Florida man contracts flesh-eating bacteria while going about ‘an average day,' not entering water

A Florida man was recovering on Tuesday after he contracted a flesh-eating bacteria on Friday that rapidly spread across one of his arms.

Tyler “TK” King, of Santa Rosa Beach, was going about “an average day,” when he was infected with the bacteria called Vibrio Vulnificus, he wrote in a viral Facebook post that included pictures of his large rash. 

“I had my morning smoothie and did some light exercise. I made my way down to an area on 30A to do a photoshoot,” he said. “We started with a short paddle across a dune lake to get some cool pictures. I NEVER got into the water.” 

He said after returning to the dock, he went on an electric bike ride down the 30A bike path and through a local state park. 

“Halfway thru the bike ride I started to experience a little discomfort in my left arm. Upon returning to where we started, my arm was starting to get pretty sore,” he said. “About 30min later, I noticed my arm was getting pretty swollen and was starting to change color.”
King said at this point, his arm started to look “pretty bad.” 

“A good friend of mine marked the parameters of the rash with an ink pen so I could track how quickly it was spreading,” he said. “I immediately left to get some Benadryl from the local Publix before heading home to rest it off. Benadryl knocks me out big time so I was immediately out before waking up 2 hours later to find that the rash and swelling had nearly tripled in size.”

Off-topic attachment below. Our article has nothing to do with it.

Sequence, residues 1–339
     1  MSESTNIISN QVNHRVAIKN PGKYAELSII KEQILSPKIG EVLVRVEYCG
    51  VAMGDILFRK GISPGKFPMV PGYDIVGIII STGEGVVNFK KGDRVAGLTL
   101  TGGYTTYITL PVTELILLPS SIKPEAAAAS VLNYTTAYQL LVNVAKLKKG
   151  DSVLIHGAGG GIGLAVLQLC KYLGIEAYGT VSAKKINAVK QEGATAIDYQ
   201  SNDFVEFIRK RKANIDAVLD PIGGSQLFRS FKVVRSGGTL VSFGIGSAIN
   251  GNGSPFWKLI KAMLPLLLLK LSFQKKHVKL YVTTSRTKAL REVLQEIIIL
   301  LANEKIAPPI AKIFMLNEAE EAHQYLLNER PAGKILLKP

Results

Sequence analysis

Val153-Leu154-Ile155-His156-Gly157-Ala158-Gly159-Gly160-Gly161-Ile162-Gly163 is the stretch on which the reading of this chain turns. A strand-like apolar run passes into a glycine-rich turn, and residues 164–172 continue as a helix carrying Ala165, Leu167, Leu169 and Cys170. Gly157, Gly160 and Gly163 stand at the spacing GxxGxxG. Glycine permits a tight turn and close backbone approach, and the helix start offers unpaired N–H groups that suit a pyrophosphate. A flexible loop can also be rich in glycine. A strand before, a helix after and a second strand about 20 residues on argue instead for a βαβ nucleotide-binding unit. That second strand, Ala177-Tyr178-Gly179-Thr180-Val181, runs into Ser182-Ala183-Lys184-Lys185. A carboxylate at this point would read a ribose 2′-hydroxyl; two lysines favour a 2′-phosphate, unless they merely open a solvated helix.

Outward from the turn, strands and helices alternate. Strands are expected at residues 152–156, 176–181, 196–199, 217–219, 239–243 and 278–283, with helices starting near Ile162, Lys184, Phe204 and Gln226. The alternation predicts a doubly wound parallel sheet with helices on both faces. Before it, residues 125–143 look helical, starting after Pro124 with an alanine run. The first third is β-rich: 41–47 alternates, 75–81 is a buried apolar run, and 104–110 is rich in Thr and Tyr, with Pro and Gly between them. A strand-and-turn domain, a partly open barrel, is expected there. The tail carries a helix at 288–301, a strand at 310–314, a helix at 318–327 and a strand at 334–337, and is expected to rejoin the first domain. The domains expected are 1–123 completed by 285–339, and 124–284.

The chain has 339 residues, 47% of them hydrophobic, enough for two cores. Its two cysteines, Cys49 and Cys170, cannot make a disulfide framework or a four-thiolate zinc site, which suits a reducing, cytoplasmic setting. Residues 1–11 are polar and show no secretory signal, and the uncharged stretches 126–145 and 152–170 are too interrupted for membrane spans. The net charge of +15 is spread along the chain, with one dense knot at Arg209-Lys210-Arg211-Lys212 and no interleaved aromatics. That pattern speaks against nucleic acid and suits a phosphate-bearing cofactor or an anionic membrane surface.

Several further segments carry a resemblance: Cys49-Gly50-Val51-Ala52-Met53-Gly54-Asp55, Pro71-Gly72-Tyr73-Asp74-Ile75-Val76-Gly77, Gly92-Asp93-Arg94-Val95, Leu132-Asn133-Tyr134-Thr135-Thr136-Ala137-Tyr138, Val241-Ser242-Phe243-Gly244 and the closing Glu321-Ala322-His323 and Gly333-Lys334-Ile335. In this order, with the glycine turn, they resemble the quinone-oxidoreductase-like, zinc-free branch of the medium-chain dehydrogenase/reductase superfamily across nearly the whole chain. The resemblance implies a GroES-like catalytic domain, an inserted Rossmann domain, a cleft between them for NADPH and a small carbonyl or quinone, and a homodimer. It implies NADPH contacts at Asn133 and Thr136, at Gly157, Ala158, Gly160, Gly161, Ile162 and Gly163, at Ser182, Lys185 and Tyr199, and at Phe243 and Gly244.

King said his arm had looked like a “red marshmallow.” The rapid growth of the rash prompted him to go to the emergency room. 

He said he was then discharged with four prescriptions and “lots of literature on the bacteria.” 

Now, the swelling is mostly gone as well as the rash, but King said the pain in his arm still hasn’t subsided. He said he is expected to recover in about one to two weeks. 

“The infection from the bacteria did not reach the point of it causing Necrotising Fascitiitis and actually destroying my muscle tissue and arm only because I acted quickly on getting medical treatment,” he said. “As quickly as it was spreading, only half a day or so more could have made some serious life altering changes to my body,” King wrote.

“My BIGGEST reason for sharing this story is to shed some light on how I was infected. As a local paddle guide and adventure enthusiast, I am always in the water. This day, or the days leading up to it, I was not,” King said. 

He said he doesn’t know the cause for his infection, adding that he also did not have any scrapes, cuts or open wounds that day. 

“I DID NOT have any open wounds, NOR did I swim in any water that day. It is 100% unknown as to why or how I was infected, but I was infected none the less,” he said.

He said the entire encounter with the infection has been “a very humbling experience and a good learning experience.”

“It’s kind of been a little bit of a blessing in disguise, in the way that it’s given me an opportunity to kind of spread awareness and bring people together to help educate everyone on you can avoid these sort of situations,” he said. 

King said he picked up some hand sanitizer on the way home Tuesday, so he’s going to be using that more. 

This story was reported from Los Angeles.